current / archive / issues / faq / RSS feed / twitter /
3 Against The Torch!
|< previous||next >|
I also like the fact that it's not even true, as Doom appears throughout the start of the issue as it recaps the events of Fantastic Four #23... even though the issue itself says it was #22. As with the recap in Amazing Spider-Man #5, a lot of care seems to have gone into making sure that the recap matches the original story (a lot more care than was taken in making sure they got the issue number right!) with several panels being redrawn - again, reinforcing the Ontological Trust (hem hem) of the fictional universe. We also discover that Doom's three crooks were returned to our dimenson as soon as he fell into space... and that his knack for inspiring loyalty is undiminished, as the three of them decide to try and bring down the Fantastic Four themselves in order to please their boss. They then basically re-use Doom's old plan, flattering Johnny Storm for his knowledge of cars so they can kidnap him. This interrupts the Torch enjoying one of the recurring themes of this era of Marvel - watching television. Reading through these comics it's surprsing how much television turns up, it's the equivalent of every comic published today mentioning mobile phone apps or something. The rest of the issue is Johnny fighting the three crooks, and ends with him getting a telling off from his sister because their house got messed up when he was kidnapped. It looks as if he's in the doghouse but then, in the very last panel, the Torch addresses the reader directly to tell them it all worked out in the end. There's been plenty of interaction with the reader via captions, but this is the first time I've seen a character break the fourth wall in this way. Many years later other characters would do this on a regular basis, including future FF member She-Hulk, but this piece of metalepsis (why yes, I have been away on a week long Winter School where I learnt this term, why do you ask?) is completely out of the blue, not to mention slightly unnecessary. It's not like readers would be traumatised about Johnny getting told off in this way, so I'm not sure why Stan Lee felt the need to include his speech, but I guess it's a suitably wonky ending for a story that's been wonky from the start.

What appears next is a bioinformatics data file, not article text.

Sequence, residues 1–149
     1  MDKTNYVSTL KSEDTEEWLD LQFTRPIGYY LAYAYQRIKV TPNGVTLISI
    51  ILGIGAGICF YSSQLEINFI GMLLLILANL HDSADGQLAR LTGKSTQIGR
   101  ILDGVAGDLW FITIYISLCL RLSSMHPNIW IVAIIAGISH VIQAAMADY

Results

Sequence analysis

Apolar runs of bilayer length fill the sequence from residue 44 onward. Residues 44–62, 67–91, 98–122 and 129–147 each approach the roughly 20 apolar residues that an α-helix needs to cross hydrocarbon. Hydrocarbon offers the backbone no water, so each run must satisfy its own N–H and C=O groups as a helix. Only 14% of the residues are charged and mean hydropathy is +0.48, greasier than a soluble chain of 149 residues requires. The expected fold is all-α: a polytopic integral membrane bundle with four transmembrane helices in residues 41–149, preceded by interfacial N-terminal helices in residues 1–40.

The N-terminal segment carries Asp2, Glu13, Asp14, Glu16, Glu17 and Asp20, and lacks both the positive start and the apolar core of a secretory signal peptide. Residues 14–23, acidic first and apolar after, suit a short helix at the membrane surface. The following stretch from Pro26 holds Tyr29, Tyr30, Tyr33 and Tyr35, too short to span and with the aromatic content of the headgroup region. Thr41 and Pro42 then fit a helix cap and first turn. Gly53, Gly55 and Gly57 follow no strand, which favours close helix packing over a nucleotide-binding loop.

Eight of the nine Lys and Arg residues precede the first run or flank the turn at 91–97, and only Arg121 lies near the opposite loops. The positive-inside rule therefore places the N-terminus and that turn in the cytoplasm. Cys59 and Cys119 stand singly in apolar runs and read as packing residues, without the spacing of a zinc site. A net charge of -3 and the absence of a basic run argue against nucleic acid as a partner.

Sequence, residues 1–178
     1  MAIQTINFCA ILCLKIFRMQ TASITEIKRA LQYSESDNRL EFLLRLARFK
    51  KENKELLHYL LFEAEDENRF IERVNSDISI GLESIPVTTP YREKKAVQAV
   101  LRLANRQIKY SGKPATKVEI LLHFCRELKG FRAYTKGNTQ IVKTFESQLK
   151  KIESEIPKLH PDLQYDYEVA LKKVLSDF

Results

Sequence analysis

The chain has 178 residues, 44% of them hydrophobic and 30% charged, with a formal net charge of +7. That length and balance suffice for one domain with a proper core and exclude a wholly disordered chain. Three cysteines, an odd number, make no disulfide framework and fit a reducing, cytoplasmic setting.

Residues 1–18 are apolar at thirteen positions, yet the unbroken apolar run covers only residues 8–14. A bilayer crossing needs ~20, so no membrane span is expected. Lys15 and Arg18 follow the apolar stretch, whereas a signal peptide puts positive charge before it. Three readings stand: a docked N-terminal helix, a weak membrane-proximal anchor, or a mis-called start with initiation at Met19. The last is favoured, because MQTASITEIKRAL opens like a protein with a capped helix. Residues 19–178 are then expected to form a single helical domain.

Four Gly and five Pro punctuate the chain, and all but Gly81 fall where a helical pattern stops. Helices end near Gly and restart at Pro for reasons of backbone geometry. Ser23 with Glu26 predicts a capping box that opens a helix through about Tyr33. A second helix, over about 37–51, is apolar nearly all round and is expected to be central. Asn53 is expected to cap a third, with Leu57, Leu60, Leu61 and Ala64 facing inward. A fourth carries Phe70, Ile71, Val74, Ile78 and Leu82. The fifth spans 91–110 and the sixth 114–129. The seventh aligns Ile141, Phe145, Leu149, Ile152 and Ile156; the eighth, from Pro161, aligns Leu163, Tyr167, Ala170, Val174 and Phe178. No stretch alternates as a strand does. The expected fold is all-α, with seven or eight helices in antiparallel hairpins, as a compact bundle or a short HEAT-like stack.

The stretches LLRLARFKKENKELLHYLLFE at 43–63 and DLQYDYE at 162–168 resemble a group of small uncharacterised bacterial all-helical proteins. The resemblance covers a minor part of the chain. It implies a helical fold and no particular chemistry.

link to information about this issue
posted 5/3/2018 by Mark Hibbett
|< previous||next >|